Have You Gone Low Flow Yet?
a low flow toilet with dual flush capabilities

03 Oct Have You Gone Low Flow Yet?

With the drought hitting full swing here in California, there’s a lot of talk about water conservation. Conserving water on an everyday basis isn’t really all that hard, but there are some things that will make it much easier. In fact, at Premier Plumbing we’ve got a perfect solution for several of your everyday tasks – low flow fixtures. What a low flow fixture, you ask? It’s exactly what it sounds like it is – it’s a fixture that provides a lower flow of water than what you are using now.

Low Flow Faucets

The cheapest, and easiest to install of all low flow devices is the low flow faucet. Buying entirely new faucets isn’t necessary (they can run $100 for some of the designer brands), instead you can retro fit your old faucet with an aerator for under $10. In most faucets you don’t even have to be handy to install them – they simply screw onto your existing faucet. The typical aerator will reduce your water flow from 1 to 2 gallons per minute to ½ gallon or less without losing any pressure.

faucet aerator pieceLow Flow Faucet Aerator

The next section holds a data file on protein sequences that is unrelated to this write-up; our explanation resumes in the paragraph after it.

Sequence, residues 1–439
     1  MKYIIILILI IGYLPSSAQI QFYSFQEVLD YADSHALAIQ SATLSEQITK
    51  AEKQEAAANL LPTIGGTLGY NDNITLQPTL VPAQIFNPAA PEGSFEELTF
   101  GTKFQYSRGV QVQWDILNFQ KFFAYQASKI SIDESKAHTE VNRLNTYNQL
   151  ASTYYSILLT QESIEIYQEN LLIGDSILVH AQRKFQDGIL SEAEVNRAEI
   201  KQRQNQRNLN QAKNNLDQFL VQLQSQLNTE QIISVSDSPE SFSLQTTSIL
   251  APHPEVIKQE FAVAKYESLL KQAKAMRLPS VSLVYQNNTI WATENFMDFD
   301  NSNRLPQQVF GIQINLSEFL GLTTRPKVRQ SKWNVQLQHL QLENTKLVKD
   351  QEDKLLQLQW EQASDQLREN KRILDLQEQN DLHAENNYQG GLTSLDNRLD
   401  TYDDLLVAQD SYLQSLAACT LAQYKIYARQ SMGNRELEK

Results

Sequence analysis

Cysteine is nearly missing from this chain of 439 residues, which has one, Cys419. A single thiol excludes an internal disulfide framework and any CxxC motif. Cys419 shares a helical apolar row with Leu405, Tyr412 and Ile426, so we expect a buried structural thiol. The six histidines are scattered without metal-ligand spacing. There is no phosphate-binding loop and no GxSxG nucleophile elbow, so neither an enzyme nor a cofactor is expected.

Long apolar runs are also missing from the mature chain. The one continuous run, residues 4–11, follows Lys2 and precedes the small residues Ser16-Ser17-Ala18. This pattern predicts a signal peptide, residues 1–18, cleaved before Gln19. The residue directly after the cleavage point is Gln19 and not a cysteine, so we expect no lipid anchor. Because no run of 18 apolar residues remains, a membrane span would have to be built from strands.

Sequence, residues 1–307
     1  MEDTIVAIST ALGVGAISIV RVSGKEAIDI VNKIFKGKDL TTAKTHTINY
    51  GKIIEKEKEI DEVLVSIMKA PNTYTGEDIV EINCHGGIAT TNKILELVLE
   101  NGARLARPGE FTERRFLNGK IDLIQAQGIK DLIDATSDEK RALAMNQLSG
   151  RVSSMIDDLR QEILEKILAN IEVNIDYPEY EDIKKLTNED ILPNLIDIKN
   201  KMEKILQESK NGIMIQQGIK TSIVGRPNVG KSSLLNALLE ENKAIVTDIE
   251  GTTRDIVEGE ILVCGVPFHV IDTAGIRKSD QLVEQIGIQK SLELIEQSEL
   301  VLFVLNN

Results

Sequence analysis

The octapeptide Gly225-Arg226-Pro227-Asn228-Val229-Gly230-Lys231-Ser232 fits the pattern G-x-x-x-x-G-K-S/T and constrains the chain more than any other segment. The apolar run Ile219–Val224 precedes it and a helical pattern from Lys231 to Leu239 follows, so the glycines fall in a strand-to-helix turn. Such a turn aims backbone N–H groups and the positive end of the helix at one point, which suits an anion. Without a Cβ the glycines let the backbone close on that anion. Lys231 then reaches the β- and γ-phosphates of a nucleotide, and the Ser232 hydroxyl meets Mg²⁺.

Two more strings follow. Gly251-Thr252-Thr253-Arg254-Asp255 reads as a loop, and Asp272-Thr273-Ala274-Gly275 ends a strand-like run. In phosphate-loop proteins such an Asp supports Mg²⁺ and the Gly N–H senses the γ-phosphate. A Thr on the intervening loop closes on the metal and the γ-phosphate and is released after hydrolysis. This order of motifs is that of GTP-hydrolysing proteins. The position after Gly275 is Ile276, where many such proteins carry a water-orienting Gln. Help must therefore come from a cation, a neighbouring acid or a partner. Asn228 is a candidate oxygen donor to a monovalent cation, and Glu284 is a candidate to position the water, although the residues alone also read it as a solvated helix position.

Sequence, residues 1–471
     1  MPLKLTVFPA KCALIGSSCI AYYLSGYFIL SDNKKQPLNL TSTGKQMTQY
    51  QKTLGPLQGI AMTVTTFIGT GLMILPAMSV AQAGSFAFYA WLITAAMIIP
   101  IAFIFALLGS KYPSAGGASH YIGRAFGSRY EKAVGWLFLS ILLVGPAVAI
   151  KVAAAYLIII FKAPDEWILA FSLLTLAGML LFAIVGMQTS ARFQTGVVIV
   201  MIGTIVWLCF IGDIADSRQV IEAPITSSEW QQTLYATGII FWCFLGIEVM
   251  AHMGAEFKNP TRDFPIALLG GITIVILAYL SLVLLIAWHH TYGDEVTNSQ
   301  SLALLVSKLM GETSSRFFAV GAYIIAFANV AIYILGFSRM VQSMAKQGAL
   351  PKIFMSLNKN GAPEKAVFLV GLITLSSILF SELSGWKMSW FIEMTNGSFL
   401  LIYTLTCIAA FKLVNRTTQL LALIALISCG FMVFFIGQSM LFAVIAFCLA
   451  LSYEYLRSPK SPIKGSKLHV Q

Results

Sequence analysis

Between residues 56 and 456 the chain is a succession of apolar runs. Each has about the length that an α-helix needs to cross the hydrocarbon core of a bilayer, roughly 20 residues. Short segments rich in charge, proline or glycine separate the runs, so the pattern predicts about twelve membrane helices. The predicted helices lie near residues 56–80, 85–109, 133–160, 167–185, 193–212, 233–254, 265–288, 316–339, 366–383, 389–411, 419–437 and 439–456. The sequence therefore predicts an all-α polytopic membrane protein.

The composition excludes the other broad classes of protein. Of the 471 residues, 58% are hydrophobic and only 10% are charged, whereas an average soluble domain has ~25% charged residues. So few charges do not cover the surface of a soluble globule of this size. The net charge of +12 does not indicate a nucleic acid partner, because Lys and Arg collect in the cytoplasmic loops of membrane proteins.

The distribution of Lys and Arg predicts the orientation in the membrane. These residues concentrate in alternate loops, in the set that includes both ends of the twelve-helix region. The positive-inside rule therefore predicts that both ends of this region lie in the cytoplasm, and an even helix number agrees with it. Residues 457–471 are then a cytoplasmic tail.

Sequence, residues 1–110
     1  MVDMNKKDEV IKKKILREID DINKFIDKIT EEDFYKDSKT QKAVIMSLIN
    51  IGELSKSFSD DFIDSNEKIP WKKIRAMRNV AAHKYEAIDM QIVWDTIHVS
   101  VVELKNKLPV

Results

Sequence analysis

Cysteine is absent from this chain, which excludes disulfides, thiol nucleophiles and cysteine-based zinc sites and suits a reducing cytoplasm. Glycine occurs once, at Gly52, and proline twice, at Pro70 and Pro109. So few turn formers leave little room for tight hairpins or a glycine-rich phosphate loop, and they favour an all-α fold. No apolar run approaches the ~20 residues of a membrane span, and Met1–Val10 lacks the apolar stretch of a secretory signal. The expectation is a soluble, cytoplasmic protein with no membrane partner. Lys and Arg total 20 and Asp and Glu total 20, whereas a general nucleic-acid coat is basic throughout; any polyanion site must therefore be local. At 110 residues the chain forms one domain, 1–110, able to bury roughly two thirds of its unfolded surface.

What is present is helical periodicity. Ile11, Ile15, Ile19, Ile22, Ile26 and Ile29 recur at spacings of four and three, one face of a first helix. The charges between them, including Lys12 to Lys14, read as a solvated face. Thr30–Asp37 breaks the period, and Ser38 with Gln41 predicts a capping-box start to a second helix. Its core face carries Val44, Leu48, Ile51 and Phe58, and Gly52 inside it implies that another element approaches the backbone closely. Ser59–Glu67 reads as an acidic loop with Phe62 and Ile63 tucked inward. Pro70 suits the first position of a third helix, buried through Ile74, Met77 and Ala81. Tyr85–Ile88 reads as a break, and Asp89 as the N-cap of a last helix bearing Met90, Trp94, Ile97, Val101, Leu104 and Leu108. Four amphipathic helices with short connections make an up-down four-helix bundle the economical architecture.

Low Flow Shower Heads

The next major low flow device you should consider installing is a low flow shower head. They cost in the range of $35 to $50 and can actually pay for themselves in under a year. A typical shower head will use about 5 to 6 ½ gallons of water per minute. A low flow version will use 2 ½ or less. For a family of 4 taking 15 minute showers every day you’ll save at least 130 gallons of water per day. Shower heads are easy to replace with just a wrench and a bit of elbow grease.

low flow shower headeco friendly shower head

Low Flow Toilets

If you think about it for a bit you’ll realize that the majority of the water you use goes right down the toilet – literally. A recent EPA study estimated that over 40% of all household water usage is toilet related. Every flush of a standard toilet could be using anywhere from 3 ½ to 7 gallons of water, depending on how old it is. New low flow toilets use 1.6 gallons or less per flush. You don’t have to be a math wizard to see the potential savings there. Some of the new toilets also have dual flush capabilities that allow you to use a 1.1 gallon flush for liquid waste or the 1.6 gallon for solids.

Low flow toilets are the most expensive change that we suggest for the typical homeowner. They can be costly, depending on the brand and style you choose, but good, economical low flow toilets can be had for around $100. If you haven’t installed a toilet before, or just don’t want the hassle, our professionals are more than willing. One call is all you need.

 

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